Is there maybe a faster way to read a file into an array?


My 'script timer'

Records start and end time with millisecond resolution...Most importantly it's not a timer

#pragma once
#ifndef __Script_Timer__
    #define __Script_Timer__
    #include <sys/timeb.h>
    extern "C"
    	struct Script_Timer
    		unsigned long milliseconds;
    		unsigned long seconds;
    		struct timeb start_t;
    		struct timeb end_t;
    	void End_ST(Script_Timer *This)
    		This->seconds = This->end_t.time - This->start_t.time;
    		This->milliseconds = (This->seconds * 1000) + (This->end_t.millitm - This->start_t.millitm);
    	void Start_ST(Script_Timer *This)

Read buffer thing

char face = 0;
char comp = 0;
char nutz = 0;
for(int i=0;i<(_length*sizeof(char));++i)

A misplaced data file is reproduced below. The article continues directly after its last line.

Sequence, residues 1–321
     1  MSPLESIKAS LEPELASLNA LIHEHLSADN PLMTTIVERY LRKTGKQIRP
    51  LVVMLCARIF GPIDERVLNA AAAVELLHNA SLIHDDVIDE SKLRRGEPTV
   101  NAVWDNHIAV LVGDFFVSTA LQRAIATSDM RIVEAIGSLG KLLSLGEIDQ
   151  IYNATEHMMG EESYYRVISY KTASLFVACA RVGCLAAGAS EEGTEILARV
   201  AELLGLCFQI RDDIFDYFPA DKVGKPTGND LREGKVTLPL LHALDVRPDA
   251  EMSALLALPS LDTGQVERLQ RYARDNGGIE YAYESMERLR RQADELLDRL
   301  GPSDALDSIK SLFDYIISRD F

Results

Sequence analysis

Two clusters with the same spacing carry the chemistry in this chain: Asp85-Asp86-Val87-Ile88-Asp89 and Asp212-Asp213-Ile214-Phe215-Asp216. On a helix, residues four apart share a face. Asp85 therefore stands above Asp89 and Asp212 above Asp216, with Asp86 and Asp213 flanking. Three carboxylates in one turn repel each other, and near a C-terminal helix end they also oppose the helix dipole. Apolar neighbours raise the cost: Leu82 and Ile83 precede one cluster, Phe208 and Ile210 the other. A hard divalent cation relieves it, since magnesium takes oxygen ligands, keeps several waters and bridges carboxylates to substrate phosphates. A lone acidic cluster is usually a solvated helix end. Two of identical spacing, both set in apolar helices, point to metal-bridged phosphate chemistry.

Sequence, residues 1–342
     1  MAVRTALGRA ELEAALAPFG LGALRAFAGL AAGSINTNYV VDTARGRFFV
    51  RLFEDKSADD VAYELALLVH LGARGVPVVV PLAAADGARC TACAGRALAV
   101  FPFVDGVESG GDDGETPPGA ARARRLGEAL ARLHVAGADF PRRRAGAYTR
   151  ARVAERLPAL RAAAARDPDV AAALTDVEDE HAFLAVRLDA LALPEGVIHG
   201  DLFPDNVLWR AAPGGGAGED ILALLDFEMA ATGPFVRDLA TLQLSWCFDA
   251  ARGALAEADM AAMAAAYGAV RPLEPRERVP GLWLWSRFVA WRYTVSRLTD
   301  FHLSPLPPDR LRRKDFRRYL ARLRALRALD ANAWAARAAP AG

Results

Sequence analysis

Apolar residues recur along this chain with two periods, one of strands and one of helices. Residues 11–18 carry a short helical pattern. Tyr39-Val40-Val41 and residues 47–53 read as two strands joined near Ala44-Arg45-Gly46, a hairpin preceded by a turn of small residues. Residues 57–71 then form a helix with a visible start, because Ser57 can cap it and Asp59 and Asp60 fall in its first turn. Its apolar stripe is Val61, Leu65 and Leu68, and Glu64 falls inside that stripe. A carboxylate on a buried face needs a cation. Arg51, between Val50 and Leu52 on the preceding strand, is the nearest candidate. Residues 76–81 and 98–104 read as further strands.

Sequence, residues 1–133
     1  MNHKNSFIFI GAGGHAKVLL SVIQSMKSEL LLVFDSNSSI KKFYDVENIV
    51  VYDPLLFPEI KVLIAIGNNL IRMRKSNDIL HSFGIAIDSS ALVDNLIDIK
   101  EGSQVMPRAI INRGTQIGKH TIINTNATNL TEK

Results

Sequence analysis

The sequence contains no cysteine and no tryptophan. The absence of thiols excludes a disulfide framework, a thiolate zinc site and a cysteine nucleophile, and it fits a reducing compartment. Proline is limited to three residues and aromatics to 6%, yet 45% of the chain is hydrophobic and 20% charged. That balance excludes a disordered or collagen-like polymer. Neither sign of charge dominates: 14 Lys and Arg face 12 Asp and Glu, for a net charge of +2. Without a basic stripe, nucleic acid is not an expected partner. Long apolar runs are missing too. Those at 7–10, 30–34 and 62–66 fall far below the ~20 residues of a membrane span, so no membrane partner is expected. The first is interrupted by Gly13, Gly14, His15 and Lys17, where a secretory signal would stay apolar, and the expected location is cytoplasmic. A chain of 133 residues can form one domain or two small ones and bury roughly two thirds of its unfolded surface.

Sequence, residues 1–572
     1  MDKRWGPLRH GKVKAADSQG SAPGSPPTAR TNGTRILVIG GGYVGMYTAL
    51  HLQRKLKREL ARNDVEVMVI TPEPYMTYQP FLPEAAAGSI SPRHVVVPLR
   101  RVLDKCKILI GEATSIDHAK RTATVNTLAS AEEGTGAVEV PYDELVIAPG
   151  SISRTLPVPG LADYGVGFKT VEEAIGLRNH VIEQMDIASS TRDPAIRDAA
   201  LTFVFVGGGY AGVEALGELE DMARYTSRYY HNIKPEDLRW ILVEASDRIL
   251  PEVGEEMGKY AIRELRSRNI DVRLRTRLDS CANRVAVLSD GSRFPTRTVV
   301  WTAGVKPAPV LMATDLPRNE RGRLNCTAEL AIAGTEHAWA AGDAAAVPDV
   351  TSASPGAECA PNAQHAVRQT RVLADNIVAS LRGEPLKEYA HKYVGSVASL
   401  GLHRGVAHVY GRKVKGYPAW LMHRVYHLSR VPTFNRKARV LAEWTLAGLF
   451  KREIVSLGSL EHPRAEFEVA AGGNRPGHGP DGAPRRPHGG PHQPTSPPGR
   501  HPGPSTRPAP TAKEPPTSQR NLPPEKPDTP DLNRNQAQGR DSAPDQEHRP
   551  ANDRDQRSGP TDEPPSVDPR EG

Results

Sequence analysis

face = buffer[i];
	if(face == comp)
		nutz = (face + comp)/i;
share|improve this question
If you want to further optimize your program, consider multiple buffers and threading. One thread is filling buffers with data while another thread is processing incoming data. The amount of buffers necessary depends on the speed of processing the data. In general, you want to process one buffer while another buffer is filled. Two buffers is minimal, three or more would be ideal. –  Thomas Matthews Dec 14 '09 at 18:35
I'm sorry but that isn't a very good idea, considering that it's generally quicker to process a buffer than it is to fill it, so your buffer would fill, and you would read the whole thing, then you'd have to wait for the buffer to fill again...you would AT LEAST be limited to the maximum speed you can read the file. It would defeat the whole purpose in my opinion. –  kelton52 Dec 15 '09 at 3:51